I spent the last twenty-seven and a half years getting up way before dawn, going to bed early, making sure everything at work got done before I worried about home stuff, and generally throwing my life away one day at a time in the name of a career. I did things, I knew things, there are bridge projects out there that will outlive me by a hundred years, at the least, and there’s a lot to be proud of at the end of things. But things ended. It’s been two weeks now. There’s a new life out there, and new discoveries to be made. Here’s some of the newest ones.
Time. When there isn’t a clock to watch and there isn’t anyone telling you there’s a meeting or a conference, or there’s something happening somewhere you need to be, time takes on a new meaning. I lose track of what day of the week it is. Days fly by because I’m always doing what I want to do and never doing anything else. I watch movies early in the day. I drink coffee at night. I take naps. The dogs are going to be very well trained before it is all over with.
Yet I find lacking any sort of external pressure to get the things done that need to get done, they get done anyway, just not in the same frenetic I’ve-only-got-this-weekend-to-get-things-done activity. I can mow grass today, or tomorrow, or after I get done with something else, because weekends do not mean anything anymore.
I’m not a morning person. I spent most of my life as an early morning person but after two weeks I discovered I’m not, actually. Seven in the morning is beginning to look a lot like my wake up time, but if I sleep longer that’s okay, too. I stayed up last night until after eleven. The dogs are being pushed into a new routine, but that’s okay, because I have time to teach them. I’ve discovered I really love coffee in the morning, and during the day, too.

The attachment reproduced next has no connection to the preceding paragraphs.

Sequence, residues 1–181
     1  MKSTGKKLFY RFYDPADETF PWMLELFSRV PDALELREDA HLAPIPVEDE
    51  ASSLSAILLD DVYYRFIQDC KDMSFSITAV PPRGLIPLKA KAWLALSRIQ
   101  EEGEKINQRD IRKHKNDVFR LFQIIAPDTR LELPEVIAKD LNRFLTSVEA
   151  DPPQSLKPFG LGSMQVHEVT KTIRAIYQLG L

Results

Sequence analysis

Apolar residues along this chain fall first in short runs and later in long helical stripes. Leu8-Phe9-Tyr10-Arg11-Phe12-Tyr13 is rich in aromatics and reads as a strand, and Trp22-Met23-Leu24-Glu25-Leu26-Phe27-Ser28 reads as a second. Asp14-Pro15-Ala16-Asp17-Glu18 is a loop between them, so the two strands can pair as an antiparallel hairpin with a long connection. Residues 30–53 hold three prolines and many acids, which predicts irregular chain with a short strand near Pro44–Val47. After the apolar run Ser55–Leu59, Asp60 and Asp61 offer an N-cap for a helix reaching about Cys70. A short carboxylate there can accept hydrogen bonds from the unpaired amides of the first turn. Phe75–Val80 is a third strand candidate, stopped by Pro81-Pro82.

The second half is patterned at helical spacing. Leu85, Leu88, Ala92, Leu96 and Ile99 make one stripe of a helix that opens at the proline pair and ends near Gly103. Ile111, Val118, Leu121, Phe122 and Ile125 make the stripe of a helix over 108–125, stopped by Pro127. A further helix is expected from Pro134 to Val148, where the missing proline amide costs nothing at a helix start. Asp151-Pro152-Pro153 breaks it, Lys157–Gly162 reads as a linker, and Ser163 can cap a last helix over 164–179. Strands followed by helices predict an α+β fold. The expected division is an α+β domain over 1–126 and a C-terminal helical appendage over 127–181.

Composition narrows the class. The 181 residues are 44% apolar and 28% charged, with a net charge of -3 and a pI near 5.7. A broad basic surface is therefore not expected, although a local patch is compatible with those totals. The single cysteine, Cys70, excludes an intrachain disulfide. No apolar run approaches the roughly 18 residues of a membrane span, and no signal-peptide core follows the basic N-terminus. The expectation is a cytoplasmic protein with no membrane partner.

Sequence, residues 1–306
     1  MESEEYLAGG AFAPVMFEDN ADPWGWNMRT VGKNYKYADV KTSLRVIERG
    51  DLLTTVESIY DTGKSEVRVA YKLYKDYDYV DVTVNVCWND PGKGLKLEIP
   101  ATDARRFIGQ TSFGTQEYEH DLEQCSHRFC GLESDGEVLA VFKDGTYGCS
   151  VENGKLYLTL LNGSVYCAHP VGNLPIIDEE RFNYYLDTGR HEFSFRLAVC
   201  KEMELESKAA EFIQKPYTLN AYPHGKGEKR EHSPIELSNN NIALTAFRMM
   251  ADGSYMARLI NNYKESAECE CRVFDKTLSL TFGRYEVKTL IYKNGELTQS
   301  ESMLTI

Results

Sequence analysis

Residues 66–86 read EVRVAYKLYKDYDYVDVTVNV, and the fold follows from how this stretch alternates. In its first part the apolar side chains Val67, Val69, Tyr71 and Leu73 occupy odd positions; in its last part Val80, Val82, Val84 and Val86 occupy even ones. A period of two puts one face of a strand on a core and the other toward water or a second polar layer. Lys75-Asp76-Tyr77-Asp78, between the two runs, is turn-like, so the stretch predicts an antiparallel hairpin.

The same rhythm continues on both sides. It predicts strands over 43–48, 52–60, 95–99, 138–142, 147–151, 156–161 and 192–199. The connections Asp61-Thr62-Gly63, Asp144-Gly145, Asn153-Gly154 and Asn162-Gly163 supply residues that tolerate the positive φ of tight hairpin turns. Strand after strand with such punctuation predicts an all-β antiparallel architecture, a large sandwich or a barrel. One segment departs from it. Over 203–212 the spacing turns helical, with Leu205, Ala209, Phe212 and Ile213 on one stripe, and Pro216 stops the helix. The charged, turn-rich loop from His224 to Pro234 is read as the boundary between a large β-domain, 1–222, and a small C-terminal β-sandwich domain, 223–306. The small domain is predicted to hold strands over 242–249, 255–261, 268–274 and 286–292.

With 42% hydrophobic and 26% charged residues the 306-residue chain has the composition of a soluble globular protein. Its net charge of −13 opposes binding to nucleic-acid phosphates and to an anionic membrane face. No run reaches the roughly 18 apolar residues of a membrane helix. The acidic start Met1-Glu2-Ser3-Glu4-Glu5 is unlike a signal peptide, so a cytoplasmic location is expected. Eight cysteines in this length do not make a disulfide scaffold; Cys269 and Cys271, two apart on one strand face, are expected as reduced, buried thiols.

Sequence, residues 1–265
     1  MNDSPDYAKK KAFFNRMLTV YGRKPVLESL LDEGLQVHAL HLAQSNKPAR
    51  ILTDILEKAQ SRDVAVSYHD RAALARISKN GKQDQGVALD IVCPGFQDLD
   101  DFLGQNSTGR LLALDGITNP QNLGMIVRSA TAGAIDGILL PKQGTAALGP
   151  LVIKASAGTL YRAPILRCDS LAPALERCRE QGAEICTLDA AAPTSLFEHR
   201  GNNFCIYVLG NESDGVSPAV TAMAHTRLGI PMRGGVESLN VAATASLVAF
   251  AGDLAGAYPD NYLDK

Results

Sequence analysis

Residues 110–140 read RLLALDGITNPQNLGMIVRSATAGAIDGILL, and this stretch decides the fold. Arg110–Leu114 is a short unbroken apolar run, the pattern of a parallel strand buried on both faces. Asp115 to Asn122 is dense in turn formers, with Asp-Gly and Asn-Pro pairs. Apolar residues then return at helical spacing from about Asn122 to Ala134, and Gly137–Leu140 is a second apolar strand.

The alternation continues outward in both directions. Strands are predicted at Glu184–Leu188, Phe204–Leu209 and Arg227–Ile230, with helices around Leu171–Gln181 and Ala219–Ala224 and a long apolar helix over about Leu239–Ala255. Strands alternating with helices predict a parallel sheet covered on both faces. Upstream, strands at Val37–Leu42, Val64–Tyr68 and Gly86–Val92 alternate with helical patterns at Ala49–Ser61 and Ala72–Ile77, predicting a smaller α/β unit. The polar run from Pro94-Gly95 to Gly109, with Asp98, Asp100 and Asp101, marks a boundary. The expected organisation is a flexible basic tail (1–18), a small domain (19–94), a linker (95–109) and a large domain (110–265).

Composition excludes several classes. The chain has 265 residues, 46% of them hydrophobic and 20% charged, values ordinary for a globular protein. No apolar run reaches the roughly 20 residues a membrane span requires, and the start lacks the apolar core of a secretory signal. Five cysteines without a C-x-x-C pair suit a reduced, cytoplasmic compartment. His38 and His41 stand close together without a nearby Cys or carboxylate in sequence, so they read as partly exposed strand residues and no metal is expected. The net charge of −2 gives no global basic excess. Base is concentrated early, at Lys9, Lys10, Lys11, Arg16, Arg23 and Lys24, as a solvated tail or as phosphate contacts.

There’s something to be said for hanging out with other retirees. We have nowhere to go, all day to get there, and none of us are trying to get there any sooner than anyone else. There’s no reason to rush anymore. There’s no reason to hurry. There’s no reason to do something right this very instant. When I was working I planned meals and cooked food for several day and now I don’t.
The Keto Diet and I hooked up a week or so before I retired. The weight is dropping off me, and I’m getting into jeans I thought I had retired. I’m in better shape than I was two weeks ago. You have no idea how much stress you’re carrying, and how much you eat because of that stress, until it is gone. I don’t eat lunch some days because I’m not hungry. I don’t feel the urge to eat right now because I know I can later if I want.
I’m going to be ruined totally once I hang the hammock up in the woods. There’s going to be a day I go out there and just sit and watch the trees grow. I’ll let you know what it was like, if you want.